Reviewed By: Kirk Hiner
Review Date: September 18, 2000
I've never played Dungeons & Dragons. I've never done so because it's satanic.
Oh, no wait. That's not my opinion. That's the opinion of over-zealous soccer moms whose lives are meaningless but for interfering with mine. Is Dungeons and Dragons satanic? Sure, in as much as Skip-Bo can be when played with the right (or wrong) people. I once told a co-worker at the Surrey Inn in Ashland ("Someplace Special" claims the water tower), Ohio that I was playing Star Frontiers. After explaining to her that it was made by the people who make D&D, she warned me "Be careful, because satan is real and he's out there."
You know what? I do believe that satan is real and I do believe he's out there. I don't believe he's playing Star Frontiers with me!
So why, then, didn't I play D&D when my social status and choice of friends certainly should have led me in that direction? Simple. Because wizardry bores me. Keep your spells and your scrolls and magic amulets, I just want me a laser pistol and a Yazirian Battle Rage. Keep your Obi-Wan and your Gandalf, I'll take Han Solo and Boromir.
This was my only reservation with Graphic Simulations' Baldur's Gate, an RPG set in the Advanced Dungeons and Dragons game world of Forgotten Realms. I love RPGs and I love Black Isle Studios (Fallout is one of my all time favorite games on any platform), so would the game be good enough to overcome this personal bias?
Yes. Yes it would.
Baldur's Gate is amazing. It's one of those games that illustrates why computers were made in the first place (if not for games, then why?). Were it not for a few imperfections, it would already stand alone as my choice for game of the year. I'll get to those imperfections in a bit, but first lets set the scenario.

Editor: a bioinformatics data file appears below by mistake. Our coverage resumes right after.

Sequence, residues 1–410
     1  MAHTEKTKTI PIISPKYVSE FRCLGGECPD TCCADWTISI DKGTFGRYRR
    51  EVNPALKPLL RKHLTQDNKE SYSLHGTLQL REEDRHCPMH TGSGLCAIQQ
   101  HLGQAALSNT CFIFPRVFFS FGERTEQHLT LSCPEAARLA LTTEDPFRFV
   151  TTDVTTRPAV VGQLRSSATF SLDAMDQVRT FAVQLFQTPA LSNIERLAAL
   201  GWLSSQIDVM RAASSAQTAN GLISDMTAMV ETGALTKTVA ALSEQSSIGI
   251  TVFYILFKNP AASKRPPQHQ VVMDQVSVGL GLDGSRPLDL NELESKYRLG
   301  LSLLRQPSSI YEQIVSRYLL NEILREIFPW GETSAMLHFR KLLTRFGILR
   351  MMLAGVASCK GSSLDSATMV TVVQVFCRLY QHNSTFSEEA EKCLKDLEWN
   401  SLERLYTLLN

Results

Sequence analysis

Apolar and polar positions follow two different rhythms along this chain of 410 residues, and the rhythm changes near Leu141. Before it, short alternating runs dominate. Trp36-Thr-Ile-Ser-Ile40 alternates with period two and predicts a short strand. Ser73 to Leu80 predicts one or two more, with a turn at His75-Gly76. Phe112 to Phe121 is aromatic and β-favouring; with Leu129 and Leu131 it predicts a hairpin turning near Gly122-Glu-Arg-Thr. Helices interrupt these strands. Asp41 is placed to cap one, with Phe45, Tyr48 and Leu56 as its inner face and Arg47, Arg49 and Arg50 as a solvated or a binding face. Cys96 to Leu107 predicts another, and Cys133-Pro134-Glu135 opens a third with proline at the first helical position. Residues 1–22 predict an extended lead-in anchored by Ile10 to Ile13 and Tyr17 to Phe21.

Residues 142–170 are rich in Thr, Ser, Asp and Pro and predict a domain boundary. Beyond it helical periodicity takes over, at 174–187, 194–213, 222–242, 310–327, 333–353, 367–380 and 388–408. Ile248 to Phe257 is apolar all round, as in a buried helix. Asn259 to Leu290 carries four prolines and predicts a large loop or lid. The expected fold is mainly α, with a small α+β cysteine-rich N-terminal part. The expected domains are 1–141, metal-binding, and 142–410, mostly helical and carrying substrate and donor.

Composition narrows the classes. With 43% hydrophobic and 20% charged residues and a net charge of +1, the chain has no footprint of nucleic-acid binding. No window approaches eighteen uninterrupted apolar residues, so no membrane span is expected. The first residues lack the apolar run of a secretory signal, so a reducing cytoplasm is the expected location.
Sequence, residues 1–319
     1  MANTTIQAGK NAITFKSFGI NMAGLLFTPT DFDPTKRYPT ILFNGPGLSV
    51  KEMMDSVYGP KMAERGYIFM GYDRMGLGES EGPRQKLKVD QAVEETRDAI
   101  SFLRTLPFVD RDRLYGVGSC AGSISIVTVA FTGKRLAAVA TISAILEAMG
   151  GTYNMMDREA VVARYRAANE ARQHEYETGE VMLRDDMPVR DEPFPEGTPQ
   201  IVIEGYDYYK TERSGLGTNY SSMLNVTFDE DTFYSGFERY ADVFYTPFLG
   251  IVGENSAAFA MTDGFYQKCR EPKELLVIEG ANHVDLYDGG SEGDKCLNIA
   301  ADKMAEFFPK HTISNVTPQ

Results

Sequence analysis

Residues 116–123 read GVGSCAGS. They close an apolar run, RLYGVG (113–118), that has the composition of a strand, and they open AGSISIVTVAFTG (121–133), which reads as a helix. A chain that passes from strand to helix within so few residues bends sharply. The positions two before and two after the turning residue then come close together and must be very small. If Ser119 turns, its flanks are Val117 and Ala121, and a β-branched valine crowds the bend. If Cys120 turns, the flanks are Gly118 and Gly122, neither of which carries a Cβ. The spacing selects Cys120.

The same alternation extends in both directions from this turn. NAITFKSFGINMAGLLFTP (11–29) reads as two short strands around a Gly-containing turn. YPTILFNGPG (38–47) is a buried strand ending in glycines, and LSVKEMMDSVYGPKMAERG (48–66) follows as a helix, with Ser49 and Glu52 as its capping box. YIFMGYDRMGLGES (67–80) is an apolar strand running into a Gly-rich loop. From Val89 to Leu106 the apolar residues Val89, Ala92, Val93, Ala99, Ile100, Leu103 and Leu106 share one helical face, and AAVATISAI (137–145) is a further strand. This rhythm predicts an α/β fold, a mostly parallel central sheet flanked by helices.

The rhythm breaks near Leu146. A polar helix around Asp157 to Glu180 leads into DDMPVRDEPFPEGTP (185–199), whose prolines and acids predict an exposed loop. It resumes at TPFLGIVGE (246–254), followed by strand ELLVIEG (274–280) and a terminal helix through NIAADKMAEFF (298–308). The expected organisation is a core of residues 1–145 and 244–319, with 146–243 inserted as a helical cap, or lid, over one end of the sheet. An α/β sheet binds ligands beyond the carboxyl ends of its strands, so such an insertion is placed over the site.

As with all RPGs, you start out the game by creating a character. The choices presented are more numerous than that to which I'm used; you select not only your gender, race, class, ability scores, proficiencies, and—to a lesser degree—appearance, but also alignment, racial enemies, and more depending upon the class you've selected. Your character is then thrust into the story, which sadly follows the same story as practically every fantasy ever written. Big, bad things are afoot, and they somehow center around you, the young hero, because of your history/destiny/lineage/birthmark/whatever. This was one of my favorite things about Fallout; your character was just some guy performing his job. But for some reason, all fantasy RPGs have to be coming-of-age novels; A Separate Peace meets The Lord of the Rings.
But hey, it's not that big of deal. Whatever your motivation (which you learn as you go along, of course), to make it through the game alive you have to travel to distant lands, making decisions along the way that affect the entire game world. You make a few friends, and you make a lot of enemies. You'll make some money, you'll steal some money, and you'll get robbed. It's what life would be like today if only we were allowed to carry around swords and hadn't harnessed electricity.
I won't get into the Dungeons and Dragons rules for interaction and combat. If you know them from the pen and paper RPG, you'll make your way through Baldur's Gate without difficulty. If you don't, there's not much I can do for you. Set aside a few hours to read the manual because the ongoing interactive tutorial throughout the prologue barely scratches the surface.
For instance, there are over 100 spells your characters can learn and use and nearly as many more traditional weapons (in as much as a halberd is traditional) and items of protection. Even more important than familiarizing yourself with these items is doing so with the people in your party. Throughout the game, various NPCs will offer to join you on your quest. Each, of course, has his/her own weaknesses and strengths, and learning to utilize these to the group's advantage is the key to survival.